This page is part of the web mail archives of SRFI 89 from before July 7th, 2015. The new archives for SRFI 89 contain all messages, not just those from before July 7th, 2015.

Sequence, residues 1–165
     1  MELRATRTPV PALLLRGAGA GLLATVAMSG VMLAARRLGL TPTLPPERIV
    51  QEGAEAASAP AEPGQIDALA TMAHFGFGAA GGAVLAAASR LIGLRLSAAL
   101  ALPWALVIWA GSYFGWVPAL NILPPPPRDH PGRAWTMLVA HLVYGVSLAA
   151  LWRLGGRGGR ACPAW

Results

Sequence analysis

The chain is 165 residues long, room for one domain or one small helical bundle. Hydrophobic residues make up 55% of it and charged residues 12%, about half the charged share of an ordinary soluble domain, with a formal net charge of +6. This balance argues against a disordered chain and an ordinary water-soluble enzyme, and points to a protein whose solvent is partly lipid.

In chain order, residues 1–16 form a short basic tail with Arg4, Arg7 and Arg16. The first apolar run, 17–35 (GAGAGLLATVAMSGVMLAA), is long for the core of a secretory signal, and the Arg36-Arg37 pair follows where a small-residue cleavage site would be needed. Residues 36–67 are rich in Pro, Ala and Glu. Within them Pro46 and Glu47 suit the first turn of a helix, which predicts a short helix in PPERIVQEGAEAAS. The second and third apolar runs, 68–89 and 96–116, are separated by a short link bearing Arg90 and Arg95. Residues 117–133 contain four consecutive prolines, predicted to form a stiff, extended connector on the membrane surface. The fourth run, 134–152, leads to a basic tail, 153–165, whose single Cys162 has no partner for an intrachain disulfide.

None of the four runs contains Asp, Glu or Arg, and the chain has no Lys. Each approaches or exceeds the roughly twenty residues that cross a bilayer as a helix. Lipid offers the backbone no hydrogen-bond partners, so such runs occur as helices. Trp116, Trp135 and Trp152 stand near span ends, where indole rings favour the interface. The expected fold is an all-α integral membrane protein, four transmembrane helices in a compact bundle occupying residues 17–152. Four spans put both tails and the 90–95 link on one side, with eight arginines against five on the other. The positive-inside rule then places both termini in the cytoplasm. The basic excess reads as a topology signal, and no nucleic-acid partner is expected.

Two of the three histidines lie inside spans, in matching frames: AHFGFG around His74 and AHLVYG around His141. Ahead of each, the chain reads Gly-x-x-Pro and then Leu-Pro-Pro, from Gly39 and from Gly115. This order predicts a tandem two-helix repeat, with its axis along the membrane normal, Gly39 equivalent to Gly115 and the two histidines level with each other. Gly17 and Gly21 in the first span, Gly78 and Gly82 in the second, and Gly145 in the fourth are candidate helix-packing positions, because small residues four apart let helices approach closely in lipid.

On 4/14/06, Per Bothner <email@example.com> wrote: > Alex Shinn wrote: > > > > The disadvantages of this are that either 1) for every parametric > > procedure you need to define a new class and keep it in sync as > > the API changes, or 2) you use a single extensible configuration > > class, perhaps a hash-table or closure, which suffers from poor > > performance. > > But this isn't really any different or worse than using a-lists or > p-lists or for that matter the proposed CL-inspired solution. It's > an implentation tradeoff between constant-type lookup versus compact > size. (Worth considering is a sorted "property vector".) With a fixed class-based approach you need to define and make changes to parameters in two places (borrowing CLOS-like syntax): (define-class <number-formatter> () (radix) (precision) ...) ... (define (number->string n fmt) (with-slots (radix precision) fmt ...)) as opposed to only specifying them in the lambda or let formals where they're actually used: (define (number->string n #!key radix precision) ...) If you're using a family of procedures sharing the same options (and thus the same class) then the procedure and class definition may not even be near each other. If you want to use a more general association instead of a fixed class, then the simpler and more transparent that association is the better. With a p-list the association and friendly syntax are rolled into one, and for the moderate number of parameters typically needed will likely be faster than a hash-table. -- Alex